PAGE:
• 3-4 black peppercorns

Heat this in a saucepan and simmer, covered for 10 minutes. Strain and enjoy.

Basic Infusion

This is a simple tea for boosting the immune system. To four cups of boiling water, add:

  • One teaspoon turmeric
  • 1 teaspoon cinnamon
  • A squeeze of lemon

Simmer for 10 minutes. Add a little honey, if desired.


It’s a great way to start the day or refresh yourself after exercise. Blend until smooth:

  • 1 cup almond milk
  • One tablespoon lemon juice
  • 1 cup pineapple
  • One large banana
  • ½ cup carrot juice
  • ½ tablespoon fresh ginger
  • ¼ teaspoon ground turmeric.

Face Mask

Turmeric is a natural skin brightener.

Mix 2 tablespoons flour, 1 teaspoon turmeric, 3 tablespoons milk, and a few drops of honey. Apply a thin layer to face and let dry for 15-20 minutes. Rinse off, scrubbing gently.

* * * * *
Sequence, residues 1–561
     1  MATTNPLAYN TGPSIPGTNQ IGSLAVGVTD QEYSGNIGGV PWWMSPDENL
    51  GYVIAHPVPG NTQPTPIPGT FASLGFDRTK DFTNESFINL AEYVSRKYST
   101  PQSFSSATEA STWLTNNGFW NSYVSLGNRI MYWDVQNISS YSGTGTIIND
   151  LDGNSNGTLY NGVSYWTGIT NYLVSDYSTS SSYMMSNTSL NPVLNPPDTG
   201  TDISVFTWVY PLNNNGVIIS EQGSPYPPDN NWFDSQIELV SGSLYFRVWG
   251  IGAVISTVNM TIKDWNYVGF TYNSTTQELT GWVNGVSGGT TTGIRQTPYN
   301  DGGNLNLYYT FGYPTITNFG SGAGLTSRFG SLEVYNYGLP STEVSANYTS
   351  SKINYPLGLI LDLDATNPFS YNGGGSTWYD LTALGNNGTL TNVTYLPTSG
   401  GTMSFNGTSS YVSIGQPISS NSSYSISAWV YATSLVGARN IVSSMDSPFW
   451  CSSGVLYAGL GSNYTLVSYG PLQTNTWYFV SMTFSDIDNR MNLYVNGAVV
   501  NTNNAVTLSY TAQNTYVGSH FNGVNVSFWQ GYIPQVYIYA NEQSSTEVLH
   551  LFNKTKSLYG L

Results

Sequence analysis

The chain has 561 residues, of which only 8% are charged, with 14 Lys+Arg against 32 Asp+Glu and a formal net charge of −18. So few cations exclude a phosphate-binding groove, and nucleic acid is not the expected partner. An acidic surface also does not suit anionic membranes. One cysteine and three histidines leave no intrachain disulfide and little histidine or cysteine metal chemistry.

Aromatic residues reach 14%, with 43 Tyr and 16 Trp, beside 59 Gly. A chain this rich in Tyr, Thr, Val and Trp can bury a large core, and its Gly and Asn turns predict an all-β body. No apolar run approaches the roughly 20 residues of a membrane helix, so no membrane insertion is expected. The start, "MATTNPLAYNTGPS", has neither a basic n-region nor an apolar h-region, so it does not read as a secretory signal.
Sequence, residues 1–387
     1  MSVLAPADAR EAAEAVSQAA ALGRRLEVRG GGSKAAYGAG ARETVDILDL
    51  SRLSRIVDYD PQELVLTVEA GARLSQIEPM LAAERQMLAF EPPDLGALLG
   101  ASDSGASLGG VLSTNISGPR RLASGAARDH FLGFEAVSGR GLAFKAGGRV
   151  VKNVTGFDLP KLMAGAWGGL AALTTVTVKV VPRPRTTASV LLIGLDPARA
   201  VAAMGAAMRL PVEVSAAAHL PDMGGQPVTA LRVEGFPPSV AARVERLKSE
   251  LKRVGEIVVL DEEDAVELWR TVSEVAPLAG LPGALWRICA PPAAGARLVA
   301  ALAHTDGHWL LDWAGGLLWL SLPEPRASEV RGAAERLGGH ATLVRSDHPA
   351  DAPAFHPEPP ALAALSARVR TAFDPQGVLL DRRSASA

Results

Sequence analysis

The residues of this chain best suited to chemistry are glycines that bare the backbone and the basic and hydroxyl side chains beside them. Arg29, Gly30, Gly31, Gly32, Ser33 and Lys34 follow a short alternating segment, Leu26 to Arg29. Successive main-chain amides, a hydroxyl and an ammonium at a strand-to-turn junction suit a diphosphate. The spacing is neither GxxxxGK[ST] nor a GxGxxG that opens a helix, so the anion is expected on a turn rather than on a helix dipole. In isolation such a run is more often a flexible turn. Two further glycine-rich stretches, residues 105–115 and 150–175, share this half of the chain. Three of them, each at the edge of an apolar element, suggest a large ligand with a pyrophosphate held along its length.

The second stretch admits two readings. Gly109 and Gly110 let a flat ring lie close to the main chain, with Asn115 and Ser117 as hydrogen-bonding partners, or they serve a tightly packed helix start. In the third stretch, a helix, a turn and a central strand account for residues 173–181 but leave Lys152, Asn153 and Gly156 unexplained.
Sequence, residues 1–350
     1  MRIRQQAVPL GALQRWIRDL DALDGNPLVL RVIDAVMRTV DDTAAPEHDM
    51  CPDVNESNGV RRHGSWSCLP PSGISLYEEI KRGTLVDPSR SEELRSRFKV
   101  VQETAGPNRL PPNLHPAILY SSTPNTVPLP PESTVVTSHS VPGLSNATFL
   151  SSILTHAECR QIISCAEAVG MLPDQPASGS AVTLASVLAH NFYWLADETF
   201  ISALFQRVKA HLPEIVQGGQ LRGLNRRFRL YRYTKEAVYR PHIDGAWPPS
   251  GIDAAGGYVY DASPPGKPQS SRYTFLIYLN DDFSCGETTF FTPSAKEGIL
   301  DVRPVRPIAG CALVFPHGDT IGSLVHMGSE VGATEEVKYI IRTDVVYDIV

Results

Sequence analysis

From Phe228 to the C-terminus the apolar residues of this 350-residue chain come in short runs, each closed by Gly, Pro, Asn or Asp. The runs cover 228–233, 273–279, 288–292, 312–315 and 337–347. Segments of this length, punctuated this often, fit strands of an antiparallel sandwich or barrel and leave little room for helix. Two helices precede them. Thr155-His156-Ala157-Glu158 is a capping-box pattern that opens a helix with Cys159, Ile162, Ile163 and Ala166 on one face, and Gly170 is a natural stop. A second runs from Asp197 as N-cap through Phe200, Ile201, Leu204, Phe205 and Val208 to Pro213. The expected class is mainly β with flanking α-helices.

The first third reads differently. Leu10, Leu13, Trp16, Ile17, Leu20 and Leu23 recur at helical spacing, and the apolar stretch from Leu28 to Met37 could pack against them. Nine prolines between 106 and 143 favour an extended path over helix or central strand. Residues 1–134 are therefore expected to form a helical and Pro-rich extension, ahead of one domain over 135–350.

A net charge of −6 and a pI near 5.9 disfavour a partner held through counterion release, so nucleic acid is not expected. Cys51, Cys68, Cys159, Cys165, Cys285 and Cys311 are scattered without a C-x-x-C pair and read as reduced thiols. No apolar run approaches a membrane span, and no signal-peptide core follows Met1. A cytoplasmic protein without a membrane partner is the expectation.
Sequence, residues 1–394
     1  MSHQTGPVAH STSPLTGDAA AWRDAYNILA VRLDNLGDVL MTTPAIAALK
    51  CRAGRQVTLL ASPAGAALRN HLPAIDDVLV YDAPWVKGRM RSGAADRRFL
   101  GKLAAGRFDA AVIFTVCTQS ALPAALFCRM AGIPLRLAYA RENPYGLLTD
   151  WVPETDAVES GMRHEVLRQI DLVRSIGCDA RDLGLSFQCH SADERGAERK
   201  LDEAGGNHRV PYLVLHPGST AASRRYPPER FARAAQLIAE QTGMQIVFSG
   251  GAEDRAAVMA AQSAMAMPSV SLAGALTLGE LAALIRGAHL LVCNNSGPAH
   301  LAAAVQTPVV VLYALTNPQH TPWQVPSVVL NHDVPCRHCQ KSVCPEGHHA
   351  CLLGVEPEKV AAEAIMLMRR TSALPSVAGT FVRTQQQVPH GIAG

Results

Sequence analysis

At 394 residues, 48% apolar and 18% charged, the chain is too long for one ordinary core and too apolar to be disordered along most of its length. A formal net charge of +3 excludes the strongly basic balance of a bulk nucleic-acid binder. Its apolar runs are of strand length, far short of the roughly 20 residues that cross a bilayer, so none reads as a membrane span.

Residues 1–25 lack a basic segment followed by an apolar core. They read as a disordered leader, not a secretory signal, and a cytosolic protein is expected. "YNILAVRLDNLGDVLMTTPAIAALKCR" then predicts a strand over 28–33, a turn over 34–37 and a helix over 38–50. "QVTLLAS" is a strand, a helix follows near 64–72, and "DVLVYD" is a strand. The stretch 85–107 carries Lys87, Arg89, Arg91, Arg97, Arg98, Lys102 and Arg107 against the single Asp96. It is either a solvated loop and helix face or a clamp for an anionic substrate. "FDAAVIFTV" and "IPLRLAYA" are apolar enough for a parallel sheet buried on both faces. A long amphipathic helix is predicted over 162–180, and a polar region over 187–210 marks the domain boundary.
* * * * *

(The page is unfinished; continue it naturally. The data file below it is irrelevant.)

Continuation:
Soak Bath

This is a relaxing way to soothe sore muscles and benefit from turmeric’s anti-inflammatory properties.

Add ½ cup turmeric powder to a hot bath and soak until the water turns cool. Note that it does stain, so use old towels to dry off, and wash the tub with bleach, if necessary.

Taking the Plunge

While turmeric and its accompanying side-kick, curcumin, are still being studied, it is evident that there are benefits to including it in your daily diet.

Whether through recipes and meals, supplements, or a combination of both, a moderate dosage of it or curcumin is not likely to cause negative side effects.

Topical applications are also an option for skin conditions and wound care. As always, it is important to check with a healthcare practitioner before beginning a new herbal supplement, and gradually increase your intake while watching for adverse reactions.

Featured image: CC0 Creative Commons, stevepb via https://pixabay.com.